Re: Why the Financial Meltdown? by Victor Gerhard

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Victor:
The problem with your rant, which was a fine rant BTW, is some facts.
From where I am located geographically, the problem was not a few minority mortgages, but a lot of jumbo mortgages for McMansions a long way out into the Ex-urban areas. Yes, every city has its wealthy with their huge homes. But 7000 sq ft homes with 14 ft high entrance ways being built by the dozens on a several dozen 'tracts'? And building these McMansions with a 50 minute drive (one way) to work.
Plus, ordinary homes that were built for $45,000 USD for labor and material added to the cost of the land, were re-mortgaged and re- mortgaged to the limit of the housing bubble and the owners paying off Credit Card debt and going on vacations with the excess money; A $65,000 original home purchase price becomes a $250,000.00 mortgage.
And now add downsizing, loss of manufacturing jobs, and just plain unemployment, and BINGO there goes the ability to pay the JUMBO mortgage.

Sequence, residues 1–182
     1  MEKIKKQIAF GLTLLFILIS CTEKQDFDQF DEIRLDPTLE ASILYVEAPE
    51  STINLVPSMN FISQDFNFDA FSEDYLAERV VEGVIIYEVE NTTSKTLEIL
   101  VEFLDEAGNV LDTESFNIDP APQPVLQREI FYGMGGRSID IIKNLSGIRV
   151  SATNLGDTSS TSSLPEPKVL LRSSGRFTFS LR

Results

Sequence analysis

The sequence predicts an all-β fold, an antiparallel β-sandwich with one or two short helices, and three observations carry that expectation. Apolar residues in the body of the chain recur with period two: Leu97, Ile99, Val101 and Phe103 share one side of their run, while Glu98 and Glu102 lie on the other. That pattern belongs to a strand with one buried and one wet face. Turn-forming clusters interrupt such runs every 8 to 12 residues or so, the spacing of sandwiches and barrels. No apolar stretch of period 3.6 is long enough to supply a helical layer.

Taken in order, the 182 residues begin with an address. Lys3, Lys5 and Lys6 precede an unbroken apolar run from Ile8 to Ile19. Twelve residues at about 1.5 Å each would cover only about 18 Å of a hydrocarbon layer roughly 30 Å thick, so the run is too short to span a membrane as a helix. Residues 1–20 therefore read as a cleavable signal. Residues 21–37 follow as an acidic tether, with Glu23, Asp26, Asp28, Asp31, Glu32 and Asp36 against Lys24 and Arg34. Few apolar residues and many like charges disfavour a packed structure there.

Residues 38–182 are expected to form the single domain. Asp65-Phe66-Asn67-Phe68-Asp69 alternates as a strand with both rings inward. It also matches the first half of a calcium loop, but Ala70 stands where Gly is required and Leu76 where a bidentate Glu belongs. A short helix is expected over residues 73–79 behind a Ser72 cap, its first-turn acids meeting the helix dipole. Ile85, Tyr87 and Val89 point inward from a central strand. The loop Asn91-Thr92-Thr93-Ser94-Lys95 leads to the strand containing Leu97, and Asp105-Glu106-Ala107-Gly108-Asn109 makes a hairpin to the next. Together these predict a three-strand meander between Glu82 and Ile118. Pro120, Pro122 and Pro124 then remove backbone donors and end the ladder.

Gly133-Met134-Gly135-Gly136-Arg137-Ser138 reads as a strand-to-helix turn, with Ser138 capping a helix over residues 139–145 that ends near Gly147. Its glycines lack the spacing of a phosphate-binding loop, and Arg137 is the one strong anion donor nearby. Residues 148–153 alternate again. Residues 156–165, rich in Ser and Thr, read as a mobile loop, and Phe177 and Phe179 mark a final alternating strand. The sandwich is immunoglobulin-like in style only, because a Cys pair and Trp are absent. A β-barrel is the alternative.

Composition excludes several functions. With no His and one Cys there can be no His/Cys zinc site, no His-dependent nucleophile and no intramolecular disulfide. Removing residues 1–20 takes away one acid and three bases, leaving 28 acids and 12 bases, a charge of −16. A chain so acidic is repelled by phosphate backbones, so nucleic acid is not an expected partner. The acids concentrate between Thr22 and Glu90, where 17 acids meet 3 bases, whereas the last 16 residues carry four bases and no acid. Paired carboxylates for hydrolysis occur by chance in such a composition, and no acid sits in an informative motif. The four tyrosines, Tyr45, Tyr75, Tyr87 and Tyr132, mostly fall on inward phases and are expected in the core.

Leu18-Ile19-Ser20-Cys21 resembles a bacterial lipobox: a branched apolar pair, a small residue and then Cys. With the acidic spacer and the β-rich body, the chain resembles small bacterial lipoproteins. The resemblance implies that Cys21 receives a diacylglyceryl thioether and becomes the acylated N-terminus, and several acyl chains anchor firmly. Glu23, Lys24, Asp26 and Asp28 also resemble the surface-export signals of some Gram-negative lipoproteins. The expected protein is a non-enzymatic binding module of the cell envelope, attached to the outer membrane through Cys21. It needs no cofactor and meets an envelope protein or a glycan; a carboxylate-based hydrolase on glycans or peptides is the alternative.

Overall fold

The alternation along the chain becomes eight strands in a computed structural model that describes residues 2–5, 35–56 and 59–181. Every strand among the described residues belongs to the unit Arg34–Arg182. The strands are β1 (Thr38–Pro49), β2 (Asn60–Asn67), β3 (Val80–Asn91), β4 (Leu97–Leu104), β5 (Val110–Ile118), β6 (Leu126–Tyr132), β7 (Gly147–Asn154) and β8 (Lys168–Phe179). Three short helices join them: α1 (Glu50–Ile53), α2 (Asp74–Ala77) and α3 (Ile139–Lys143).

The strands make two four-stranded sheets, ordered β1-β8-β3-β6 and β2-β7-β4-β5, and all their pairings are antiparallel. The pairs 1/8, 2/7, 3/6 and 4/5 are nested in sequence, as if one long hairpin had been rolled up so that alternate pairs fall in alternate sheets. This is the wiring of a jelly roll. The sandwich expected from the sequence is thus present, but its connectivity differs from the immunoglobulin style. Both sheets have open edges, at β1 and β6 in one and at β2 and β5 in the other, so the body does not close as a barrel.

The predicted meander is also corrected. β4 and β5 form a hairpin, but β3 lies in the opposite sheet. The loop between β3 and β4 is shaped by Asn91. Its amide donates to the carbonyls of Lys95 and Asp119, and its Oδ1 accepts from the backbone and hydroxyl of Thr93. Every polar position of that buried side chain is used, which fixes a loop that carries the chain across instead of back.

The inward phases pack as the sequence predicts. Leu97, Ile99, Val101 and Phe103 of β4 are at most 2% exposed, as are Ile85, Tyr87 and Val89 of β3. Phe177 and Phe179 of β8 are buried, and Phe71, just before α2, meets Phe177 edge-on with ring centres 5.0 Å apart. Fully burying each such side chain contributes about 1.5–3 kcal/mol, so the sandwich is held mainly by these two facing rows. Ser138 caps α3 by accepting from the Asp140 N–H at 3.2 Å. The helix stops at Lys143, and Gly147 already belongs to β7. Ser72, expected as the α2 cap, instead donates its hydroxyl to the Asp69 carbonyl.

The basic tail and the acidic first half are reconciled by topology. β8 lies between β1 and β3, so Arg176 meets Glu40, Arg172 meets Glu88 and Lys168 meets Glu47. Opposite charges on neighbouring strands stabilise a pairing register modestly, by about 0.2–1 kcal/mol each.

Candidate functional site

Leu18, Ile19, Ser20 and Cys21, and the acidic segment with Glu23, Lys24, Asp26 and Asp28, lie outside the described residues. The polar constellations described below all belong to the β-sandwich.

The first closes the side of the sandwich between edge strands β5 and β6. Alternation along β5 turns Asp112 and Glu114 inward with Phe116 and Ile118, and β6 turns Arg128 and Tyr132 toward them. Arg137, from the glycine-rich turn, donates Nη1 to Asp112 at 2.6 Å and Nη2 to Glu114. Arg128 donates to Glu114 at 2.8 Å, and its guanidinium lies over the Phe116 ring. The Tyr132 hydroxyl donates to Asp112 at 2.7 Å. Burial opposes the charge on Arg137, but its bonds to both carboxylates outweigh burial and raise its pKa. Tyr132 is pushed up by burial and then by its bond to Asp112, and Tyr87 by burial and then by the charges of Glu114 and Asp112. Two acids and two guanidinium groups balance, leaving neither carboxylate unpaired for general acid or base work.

Please re-read your post, Victor, what you wrote was basically, hard working blue collar workers should never have any hope of owning a home in USA, because there is too much risk of them losing their jobs to foreign workers at a lower pay. The same to most small business owners since statistically speaking 3 out 5 small business fail within a few years.
You should be forced to watch the movie "It's a Wonderful Life" 10 times in a single month.
Phil
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Phil Again wrote:

In addition a third of the homes now in foreclosure were bought as investment properties by people who never intended to live in them, they were going to rent them or sell them for a profit. Or so they thought. They were among the first to walk away from mortgages they couldn't pay.
Even if there was a significant amount of truth in the original poster's rant (which seems unlikely), it remains that financial institutions bundled bad loans with good ones and sold them to each other with high ratings. Now they're all shocked and horrified to learn that was a bad idea. Lehman Bros. made a four billion dollar profit last year, paid their top monkey a twenty-two million dollar bonus--now they're kaput thanks to their own greed and incompetence. And we're supposed to blame this on leftist polticians? Pfffft, get real.
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wrote:
The blame lies solely on those who were minding the store...the Republicans.